Leburton named Fellow of the Institute of Physics

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By Tom Moone, ECE Illinois
September 3, 2008

  • Professor Jean Pierre Leburton was recognized for his pioneering research by being named a Fellow of the Institute of Physics.
  • Leburton is investigating the electronic properties of graphene.
  • Leburton is also working on a project with Professor Timp on the possibility for integrating biomolecules and nanoelectronics.

Jean-Pierre  Leburton
Jean-Pierre Leburton

In July, ECE Professor Jean-Pierre Leburton was named a Fellow of the Institute of Physics (IOP). Based in London, the IOP is devoted to increasing the understanding and application of physics.

Being named a Fellow by IOP recognizes Leburton’s career, which for most of his career has been on what he calls "the frontier" of the field. As an example, Leburton mentioned his work with quantum wires, which he had investigated more than 20 years ago. Now the research he did those many years ago is coming back into focus. "People are actually thinking of making electronic devices with nanowires, which are much smaller and different objects than two-dimensional planar transistors," he said. "I’ve thought about this for 20 years, and now there are applications in electronics."

In some of his more recent research, Leburton, who is the Gregory Stillman Professor of Electrical and Computer Engineering, has been investigating applications of graphene, which is a pure two-dimensional material made up of just one atomic layer of material. "It has some remarkable electronic properties," he said. "I am exploring the properties of graphene under high electric field, which would be the conditions under which it could operate as a transistor."

Leburton is also working on a project in collaboration with ECE Professor Timp on the possibility for integrating biomolecules and nanoelectronics. These biomolecules "have the advantage of storing a very huge amount of information under very complex forms," said Leburton, "but on the other hand, they have the drawback of being extremely slow." Much like his other fields of research, Leburton realizes that it may be some time before applications for this research are commonplace, but it is the pressing forward and imaging the possibilities of science that interests him.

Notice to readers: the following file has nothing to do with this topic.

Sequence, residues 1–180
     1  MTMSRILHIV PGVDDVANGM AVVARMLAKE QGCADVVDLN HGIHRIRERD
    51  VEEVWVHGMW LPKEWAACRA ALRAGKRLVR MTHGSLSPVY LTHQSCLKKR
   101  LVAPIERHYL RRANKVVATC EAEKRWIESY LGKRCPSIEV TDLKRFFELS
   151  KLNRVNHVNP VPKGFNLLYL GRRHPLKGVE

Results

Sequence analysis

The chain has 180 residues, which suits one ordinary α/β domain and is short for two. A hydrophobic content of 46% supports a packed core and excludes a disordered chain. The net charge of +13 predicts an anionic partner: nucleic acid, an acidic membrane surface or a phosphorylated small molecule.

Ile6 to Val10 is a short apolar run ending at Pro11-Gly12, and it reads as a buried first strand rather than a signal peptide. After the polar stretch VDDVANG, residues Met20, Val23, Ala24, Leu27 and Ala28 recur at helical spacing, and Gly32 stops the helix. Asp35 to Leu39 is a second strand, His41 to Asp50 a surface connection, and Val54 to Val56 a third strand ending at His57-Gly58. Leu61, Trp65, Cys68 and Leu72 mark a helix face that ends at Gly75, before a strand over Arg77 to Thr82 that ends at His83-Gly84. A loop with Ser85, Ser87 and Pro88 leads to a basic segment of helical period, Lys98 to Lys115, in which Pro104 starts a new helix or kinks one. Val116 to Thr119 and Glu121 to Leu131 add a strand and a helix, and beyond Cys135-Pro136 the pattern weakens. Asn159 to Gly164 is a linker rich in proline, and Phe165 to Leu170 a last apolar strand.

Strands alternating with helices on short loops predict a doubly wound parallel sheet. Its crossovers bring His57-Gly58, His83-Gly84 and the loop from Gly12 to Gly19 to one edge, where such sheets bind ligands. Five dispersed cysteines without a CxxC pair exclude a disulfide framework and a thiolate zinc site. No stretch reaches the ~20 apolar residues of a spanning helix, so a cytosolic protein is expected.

"The technology comes to some point where you realize you can do new things," he said. "And these novelties excite me, so I say, OK, why don’t we investigate that?"

In addition to being an IOP Fellow, Leburton is a fellow in the following organizations: Electrochemical Society (2005), AAAS (2001), the Optical Society of America (2001), American Physical Society (1999), and IEEE (1996). Among his other awards and honors are a best paper finalist at IEEE-NANO 2007, the Quantum Devices Award, ISCS, Eudyna Corp. (2004); Gold Medal for Scientific Achievement from the Alumnus Association, University of Liege, Belgium (2004); Associate, U of I Center for Advanced Study (1999); Member, New York Academy of Sciences (1996); Chevalier dans L'Ordre des Palmes Academiques from the French Government (1993).

Editor's note: media inquiries should be directed to Brad Petersen, Director of Communications, at bradp@illinois.edu or (217) 244-6376.

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